Eero Aarnio as pioneer in using plastic in industrial design
Eero Aarnio was - and still is - one of the pioneers in using plastic in industrial design. Plastic material set the designers free to create every shape and use every color they wanted. This gave birth to objects oscillating between function and fun - but always fascinating ones .
The finnish designer Eero Aarnio, born in 1932, studied from 1954 to 1957 at the Institute of Industrial Arts in Helsinki and started in 1962 with his own office as an interior and industrial designer.
Engaged in new ideas of furniture he designed the Ball Chair (or globe chair) already in 1963.
It was produced some years later. Material (fibreglass) and shape were complete novelties for that time's furniture industry. The fibreglass ball is build on a metal swiveling base, and upholstered with foam / fibrefill. The original colors were white, red, black and orange.
Sitting in this chair is a special experience, because all surrounding sounds are softed down, and it gives a certain feeling of privacy. Aarnio himself has a ball chair with a telephone in it, and some people had it fitted with speakers.
The Ball Chair is often used in sci fi films, and you'll find it in magazines. Vivienne Westwood used some Ball Chairs in one of her shows. In the following years fibreglass as used in boat construction became one of Aarnio's favorite materials. The resistant and well workable fibreglass enabled Aarnio to design ergonomic forms without restrictions-and intriguing new ones too.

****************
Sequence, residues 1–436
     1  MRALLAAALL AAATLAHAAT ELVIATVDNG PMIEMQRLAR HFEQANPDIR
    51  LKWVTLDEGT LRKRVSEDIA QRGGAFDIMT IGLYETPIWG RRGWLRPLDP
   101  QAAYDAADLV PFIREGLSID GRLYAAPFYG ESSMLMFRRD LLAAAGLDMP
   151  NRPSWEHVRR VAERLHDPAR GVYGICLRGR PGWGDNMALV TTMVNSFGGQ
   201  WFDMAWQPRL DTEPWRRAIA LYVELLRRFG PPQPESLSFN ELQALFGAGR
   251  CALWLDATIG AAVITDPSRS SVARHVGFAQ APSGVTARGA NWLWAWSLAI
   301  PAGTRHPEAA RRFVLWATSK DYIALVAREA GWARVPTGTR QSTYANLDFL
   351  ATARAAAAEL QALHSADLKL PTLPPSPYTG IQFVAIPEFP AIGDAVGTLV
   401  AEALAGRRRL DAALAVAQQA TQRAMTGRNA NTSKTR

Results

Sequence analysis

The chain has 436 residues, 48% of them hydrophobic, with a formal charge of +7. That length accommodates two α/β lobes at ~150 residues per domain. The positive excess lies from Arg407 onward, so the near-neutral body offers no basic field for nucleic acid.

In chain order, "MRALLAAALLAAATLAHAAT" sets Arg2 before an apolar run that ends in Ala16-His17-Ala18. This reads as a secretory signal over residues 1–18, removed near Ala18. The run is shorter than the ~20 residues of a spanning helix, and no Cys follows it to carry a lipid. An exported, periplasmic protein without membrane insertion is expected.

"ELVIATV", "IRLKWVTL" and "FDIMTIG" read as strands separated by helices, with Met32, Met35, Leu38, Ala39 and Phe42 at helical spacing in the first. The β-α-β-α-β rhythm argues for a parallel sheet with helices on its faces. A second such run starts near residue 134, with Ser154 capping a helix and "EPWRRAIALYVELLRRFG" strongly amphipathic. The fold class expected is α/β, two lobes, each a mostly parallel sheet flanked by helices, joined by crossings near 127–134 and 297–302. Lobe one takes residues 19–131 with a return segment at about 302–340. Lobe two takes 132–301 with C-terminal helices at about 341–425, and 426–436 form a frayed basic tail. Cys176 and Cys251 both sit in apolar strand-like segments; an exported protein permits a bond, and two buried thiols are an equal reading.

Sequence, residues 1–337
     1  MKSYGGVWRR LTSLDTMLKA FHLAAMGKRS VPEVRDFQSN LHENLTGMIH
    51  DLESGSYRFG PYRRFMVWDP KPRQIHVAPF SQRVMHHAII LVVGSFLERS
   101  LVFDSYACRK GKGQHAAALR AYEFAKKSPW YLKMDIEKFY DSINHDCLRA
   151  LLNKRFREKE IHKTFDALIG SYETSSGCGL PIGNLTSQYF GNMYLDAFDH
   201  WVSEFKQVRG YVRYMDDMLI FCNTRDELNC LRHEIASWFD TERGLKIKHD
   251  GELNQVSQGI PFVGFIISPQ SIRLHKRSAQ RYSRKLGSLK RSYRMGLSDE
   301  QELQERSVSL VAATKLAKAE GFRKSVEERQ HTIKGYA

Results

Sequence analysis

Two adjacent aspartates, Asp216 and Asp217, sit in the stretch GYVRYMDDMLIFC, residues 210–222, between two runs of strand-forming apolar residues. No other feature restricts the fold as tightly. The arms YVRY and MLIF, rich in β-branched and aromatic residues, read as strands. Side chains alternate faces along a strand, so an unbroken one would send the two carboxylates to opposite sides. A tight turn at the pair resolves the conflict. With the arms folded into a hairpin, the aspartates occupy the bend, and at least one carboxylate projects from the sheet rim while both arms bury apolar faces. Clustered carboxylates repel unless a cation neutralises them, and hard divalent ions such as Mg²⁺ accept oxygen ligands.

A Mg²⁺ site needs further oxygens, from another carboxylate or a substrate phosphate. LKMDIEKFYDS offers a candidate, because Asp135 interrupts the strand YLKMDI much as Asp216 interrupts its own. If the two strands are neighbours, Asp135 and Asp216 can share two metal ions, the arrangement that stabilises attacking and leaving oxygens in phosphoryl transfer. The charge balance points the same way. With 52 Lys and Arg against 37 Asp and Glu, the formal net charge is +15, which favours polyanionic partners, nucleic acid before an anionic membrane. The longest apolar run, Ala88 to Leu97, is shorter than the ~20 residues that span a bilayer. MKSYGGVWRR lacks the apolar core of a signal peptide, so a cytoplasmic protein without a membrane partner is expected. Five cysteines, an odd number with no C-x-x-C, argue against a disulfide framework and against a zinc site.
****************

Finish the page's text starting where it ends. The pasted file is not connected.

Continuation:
With Pastil Chair (American Industrial Design-Award 1968) and Tomato Chair he earned international reputation. Chairs like these can be used both indoors and outdoors, and they float!
- Besides, Pastil Chair gives a new, extraordinary idea of what a rocking chair is.
Also in 1968 Aarnio designed the Bubble Chair, made from acryl and chromed steel. An actual example of his design gives the new fibreglass chair Formula (1998).
And Eero Aarnio is still going on. At this website you'll find his recent designs eg Parabel table (1994), Focus chair (2000), and Tipi (2002).